Depression can be a very serious, debilitating disorder. About seven out of a hundred people suffer depression at some point in their lives, making it an important health concern that commands treatment. Dealing with depression can feel especially difficult, because the symptoms it generates (i.e. tiredness, lethargy and lack of enthusiasm) can deter those suffering from seeking the very treatment that would put an end to their symptoms.
Though at times depression may feel like a demoralizing cycle, what some people may not be aware of is that depression is not only extremely treatable but temporary. For most people, depression only lasts for a limited amount of time. Treatment options are vast, and there are many ways to actively fight depression.
The more one understands the physical and psychological factors driving their depression, the better able they are to overcome it. One important step in this process is to recognize the critical inner voices (harsh self-critical thoughts) that seep into our consciousness, both causing and exacerbating depression. When people feel depressed, it makes them especially susceptible to self-attacks. They may hear thoughts like: You’re so lazy. You’re bothering everyone. Stop moping around. You’re such a burden. This line of thinking reflects distorted perceptions that are not based on reality. Rather, they represent the work of the critical inner voice, an internalized enemy that develops in us based on early life experiences. Fighting back against these voices, refusing to believe or indulge in them, is a giant step toward conquering your depression.
Symptoms of depression can further be challenged when one takes physical as well as emotional action. Physical activity can actually increase the brain’s neuroplasticity, which sets the stage for emotional change. In other words, exercise can actually change your brain, lighten your mood and facilitate behaviors that keep depression at bay. Just 20 minutes a day, five days a week of cardio is scientifically shown to make a big difference.
Other activities that can be vital to combating depression involve making a social connection. Even just visiting a public place and being among people we don’t know can lift our spirits significantly or keep us from dangerous dips in mood. Joining clubs, taking classes or volunteering can be great opportunities for social interaction proven to make people feel better.
While hobbies or activities we once enjoyed may cease to seem appealing when depression seeps in, continuing to partake in these actions can be extremely important. Even if you don’t feel like taking a walk, playing a sport, painting a picture or watching a funny TV show, these can all be examples of activities that can uplift you, especially if they are things you once enjoyed.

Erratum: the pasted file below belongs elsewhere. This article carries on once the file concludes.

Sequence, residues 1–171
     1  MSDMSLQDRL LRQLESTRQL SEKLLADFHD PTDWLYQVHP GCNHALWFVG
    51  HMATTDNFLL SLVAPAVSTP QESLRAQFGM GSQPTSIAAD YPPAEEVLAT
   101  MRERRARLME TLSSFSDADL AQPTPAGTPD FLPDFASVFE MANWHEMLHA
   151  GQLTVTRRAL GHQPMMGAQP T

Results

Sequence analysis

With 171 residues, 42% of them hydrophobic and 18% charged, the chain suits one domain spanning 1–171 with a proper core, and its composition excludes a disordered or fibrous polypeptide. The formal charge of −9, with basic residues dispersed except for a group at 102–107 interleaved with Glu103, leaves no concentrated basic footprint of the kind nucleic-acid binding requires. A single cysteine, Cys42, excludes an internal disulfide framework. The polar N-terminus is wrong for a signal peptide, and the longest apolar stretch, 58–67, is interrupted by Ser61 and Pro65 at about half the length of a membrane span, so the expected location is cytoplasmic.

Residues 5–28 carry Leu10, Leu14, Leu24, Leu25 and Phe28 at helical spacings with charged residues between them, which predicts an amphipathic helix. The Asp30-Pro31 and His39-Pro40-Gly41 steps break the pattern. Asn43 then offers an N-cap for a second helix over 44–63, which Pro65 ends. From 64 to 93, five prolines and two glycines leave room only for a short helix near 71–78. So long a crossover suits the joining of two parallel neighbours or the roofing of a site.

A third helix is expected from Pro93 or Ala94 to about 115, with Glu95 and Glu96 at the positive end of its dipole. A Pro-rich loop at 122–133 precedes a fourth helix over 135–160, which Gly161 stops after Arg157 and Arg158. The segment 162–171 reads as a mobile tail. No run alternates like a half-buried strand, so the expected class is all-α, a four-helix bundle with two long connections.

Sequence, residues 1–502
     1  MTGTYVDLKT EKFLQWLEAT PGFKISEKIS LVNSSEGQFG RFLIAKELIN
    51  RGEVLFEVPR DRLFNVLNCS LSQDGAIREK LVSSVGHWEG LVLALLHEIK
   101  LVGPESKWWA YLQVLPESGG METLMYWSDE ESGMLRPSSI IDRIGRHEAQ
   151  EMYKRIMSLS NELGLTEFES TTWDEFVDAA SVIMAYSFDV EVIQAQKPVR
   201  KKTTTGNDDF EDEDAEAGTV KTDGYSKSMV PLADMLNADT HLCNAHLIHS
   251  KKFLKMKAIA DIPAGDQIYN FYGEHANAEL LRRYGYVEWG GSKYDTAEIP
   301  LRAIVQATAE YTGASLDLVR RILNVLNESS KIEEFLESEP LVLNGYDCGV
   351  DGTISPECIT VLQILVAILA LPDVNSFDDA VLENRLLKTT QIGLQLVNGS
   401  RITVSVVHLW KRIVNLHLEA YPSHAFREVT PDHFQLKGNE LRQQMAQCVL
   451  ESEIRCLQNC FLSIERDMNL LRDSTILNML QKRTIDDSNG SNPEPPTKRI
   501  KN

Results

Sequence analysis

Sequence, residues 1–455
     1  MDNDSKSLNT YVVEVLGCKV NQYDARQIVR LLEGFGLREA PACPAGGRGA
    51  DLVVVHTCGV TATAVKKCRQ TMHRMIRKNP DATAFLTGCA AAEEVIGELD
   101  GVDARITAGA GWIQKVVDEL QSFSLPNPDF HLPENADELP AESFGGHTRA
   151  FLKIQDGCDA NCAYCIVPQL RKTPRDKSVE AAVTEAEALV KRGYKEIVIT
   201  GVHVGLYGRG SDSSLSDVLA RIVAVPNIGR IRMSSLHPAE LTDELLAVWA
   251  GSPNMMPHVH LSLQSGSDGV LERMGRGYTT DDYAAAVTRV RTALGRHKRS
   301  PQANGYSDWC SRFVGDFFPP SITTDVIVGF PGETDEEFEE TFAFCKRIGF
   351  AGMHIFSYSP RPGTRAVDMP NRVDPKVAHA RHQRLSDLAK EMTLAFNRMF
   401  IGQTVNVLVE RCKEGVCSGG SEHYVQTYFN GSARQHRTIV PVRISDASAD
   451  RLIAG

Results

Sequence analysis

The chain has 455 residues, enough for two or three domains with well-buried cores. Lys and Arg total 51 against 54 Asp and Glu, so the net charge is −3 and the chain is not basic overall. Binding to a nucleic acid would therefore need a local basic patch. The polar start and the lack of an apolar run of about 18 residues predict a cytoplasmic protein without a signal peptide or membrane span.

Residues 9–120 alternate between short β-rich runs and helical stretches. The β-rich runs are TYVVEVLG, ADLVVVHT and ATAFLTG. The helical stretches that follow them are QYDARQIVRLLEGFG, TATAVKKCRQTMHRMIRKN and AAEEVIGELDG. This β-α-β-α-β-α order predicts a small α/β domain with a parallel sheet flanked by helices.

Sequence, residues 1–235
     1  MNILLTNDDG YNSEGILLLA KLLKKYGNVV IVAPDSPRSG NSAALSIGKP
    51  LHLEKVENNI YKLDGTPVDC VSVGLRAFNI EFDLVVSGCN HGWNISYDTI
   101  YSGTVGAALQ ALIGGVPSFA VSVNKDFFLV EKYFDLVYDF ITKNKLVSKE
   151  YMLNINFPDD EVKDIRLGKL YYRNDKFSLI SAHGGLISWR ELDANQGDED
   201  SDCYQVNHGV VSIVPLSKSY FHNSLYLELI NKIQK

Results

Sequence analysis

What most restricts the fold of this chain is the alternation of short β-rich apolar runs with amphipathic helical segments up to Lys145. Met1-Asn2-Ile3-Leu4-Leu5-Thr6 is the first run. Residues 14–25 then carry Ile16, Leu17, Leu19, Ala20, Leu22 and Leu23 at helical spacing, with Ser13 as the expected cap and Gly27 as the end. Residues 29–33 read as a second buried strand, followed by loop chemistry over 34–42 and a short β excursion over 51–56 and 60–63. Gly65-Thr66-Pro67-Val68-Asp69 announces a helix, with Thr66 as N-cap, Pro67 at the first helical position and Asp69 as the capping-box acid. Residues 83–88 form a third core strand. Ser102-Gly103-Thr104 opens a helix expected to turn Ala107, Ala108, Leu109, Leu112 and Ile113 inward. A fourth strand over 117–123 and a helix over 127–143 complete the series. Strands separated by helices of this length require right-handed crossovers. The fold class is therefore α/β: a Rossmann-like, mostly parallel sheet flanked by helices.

No matter what your symptoms, those suffering from depression should never allow themselves to indulge in thoughts of being a burden. If you had the flu, would you feel guilty for your symptoms? Like anyone, suffering from a common cold, people feeling depressed should use their energy to focus on getting better. If one indulges in a feeling of worthlessness, the depression often only gets worse, a pattern that leads to even more self-shaming thoughts. This pattern can be especially dangerous, as it prevents people from one of the most important things they can do to fight depression, talking. Talking, whether to a friend, a counselor or a therapist can be essential to getting through hard times. Therapy and counseling can help people understand core issues and beat their battles with depression.
For some people, anti-depressant drugs can be helpful, just as meditation and other mental exercises can also be of aid. The message here is simply and sincerely that there is hope for those suffering from depression. Anyone battling depression must recognize that there is no shame in seeking treatment or taking time to overcome their symptoms. They must also understand that the cruel thoughts telling them that they wont get better are merely symptoms of one of depression’s distorted psychological sources, the critical inner voice, which, like depression, can be targeted, treated and obliterated one step at a time.
National Institute of Mental Health – Depression
WebMD – Depression
Helpguide.org – Depression
American Psychological Association – Depression
Mayo Clinic – Depression
Suicide Prevention Resources:
If someone you know is in crisis, call the National Suicide Prevention Lifeline - 1-800-273-TALK (8255)